Horizontal drilling

The Clydeside company has market leadership in the kit required to "frack" shale rock for gas, and increasingly for oil. In America's drive for new sources of domestically-produced energy, fracking, or hydraulic fracturing of rock, is where it's at.

And it's moving fast. The technology now relies on horizontal fracking. That means drilling a well into a rock seam 10,000 or so feet underground, then drilling the borehole horizontally along it.

Blasting it with water, sand and chemicals forces gas and oil out of the rock formation. Weir Group's pumps then get it to the surface.

The idea's not new, but it's been expanding rapidly in the past few years, revolutionising the gas market in the USA. It's had a global impact in depressing prices for gas worldwide, while decoupling it from its link to crude oil prices.

Now, the focus is on oil reserves, and not only in the Texas basin but with huge potential in the Dakotas. With the technology being rapidly adapted to double the level of pressure being exerted, the potential reserves are growing.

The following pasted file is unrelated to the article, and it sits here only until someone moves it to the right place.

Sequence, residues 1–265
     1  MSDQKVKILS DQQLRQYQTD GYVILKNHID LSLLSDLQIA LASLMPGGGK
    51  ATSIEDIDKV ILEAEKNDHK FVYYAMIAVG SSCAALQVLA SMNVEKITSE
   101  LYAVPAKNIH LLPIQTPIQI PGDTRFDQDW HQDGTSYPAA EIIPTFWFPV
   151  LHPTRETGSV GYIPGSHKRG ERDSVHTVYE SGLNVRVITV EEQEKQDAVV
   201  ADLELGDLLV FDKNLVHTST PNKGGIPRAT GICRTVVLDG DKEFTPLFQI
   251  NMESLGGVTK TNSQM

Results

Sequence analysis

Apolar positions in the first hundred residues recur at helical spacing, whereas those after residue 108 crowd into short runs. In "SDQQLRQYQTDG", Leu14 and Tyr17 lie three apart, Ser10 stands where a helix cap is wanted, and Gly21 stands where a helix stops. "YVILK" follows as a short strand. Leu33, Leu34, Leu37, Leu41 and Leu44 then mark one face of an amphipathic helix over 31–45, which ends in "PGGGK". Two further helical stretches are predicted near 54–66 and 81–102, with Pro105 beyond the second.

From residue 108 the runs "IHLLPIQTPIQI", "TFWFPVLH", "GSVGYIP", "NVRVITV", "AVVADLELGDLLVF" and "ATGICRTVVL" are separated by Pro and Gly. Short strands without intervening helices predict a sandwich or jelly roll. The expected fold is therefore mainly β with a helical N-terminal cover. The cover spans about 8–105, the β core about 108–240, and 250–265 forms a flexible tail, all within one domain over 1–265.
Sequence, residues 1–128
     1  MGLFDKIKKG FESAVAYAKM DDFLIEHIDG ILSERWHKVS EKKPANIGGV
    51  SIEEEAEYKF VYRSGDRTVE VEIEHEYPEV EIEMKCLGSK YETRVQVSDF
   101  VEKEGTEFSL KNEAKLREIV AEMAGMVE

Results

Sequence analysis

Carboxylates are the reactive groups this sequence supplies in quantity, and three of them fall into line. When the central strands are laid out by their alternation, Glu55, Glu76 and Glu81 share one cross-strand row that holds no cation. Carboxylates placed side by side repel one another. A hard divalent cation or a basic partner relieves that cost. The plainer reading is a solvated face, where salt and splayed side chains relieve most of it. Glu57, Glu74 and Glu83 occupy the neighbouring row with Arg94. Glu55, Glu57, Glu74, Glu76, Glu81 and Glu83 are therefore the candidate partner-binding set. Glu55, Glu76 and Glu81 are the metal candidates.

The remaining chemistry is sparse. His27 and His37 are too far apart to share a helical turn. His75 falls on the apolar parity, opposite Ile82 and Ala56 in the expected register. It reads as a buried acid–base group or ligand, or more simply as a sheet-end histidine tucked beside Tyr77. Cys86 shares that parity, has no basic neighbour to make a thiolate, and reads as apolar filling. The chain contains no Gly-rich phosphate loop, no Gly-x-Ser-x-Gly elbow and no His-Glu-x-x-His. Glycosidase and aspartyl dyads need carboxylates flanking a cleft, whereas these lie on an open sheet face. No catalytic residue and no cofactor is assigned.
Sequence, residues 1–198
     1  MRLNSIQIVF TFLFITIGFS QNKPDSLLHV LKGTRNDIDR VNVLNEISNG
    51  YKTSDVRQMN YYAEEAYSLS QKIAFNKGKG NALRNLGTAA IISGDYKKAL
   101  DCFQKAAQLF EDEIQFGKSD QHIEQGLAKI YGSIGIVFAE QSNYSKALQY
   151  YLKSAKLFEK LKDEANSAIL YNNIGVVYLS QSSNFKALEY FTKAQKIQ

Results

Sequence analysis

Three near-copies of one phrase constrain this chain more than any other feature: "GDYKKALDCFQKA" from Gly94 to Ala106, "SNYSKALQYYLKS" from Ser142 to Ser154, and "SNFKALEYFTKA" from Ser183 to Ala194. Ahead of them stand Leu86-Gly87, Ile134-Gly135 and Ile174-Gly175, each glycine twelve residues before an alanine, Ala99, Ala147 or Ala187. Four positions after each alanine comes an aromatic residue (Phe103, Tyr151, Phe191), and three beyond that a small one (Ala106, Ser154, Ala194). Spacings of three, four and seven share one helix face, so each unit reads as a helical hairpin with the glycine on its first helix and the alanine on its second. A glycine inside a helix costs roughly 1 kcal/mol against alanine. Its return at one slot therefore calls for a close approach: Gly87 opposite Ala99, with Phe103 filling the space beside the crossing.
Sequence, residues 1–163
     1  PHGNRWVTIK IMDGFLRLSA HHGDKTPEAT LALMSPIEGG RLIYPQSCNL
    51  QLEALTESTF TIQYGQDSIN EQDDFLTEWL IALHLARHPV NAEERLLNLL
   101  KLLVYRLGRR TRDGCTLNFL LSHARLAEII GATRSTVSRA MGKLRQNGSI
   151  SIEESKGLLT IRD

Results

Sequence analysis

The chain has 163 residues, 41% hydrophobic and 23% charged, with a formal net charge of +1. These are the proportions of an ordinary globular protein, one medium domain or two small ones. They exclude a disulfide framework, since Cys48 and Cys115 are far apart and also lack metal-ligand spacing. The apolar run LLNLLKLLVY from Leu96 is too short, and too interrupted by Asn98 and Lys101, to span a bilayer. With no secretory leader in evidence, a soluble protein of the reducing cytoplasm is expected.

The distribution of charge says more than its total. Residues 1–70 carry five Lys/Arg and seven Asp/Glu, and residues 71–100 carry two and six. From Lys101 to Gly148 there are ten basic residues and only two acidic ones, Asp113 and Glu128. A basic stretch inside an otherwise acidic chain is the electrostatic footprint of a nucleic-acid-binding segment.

But with that pressure - up to 15,000 psi - comes a lot of wear on the equipment, which is where Weir Group has been cashing in on selling spare parts and after sales from its 26 services centres across North America. Through the downturn, the industry cut back on capital expenditure, but now, it's taking off again.

Ground water

One other factor that might flag up some concern is that environmentalists believe fracking is not only energy intensive, but it could be damaging to ground water. Under the Bush administration, it was barely regulated, but with the US media pursuing concerns about health impacts, there's now a review by the US Environment Protection Agency, which is due to report next year.

Keith Cochrane sounds relaxed about the possible threat to this boom industry. However damaging to the environment, the logic of delivering a domestic supply of oil land gas to meet America's energy security desires is hard to argue with in Washington.

With US growth rates slowing up to about 7% per annum, the next big prospect for fracking and shale gas is in China, with the potential to unlock reserves as big as North America. Weir Group recently formed a joint venture there, and has made its first sale.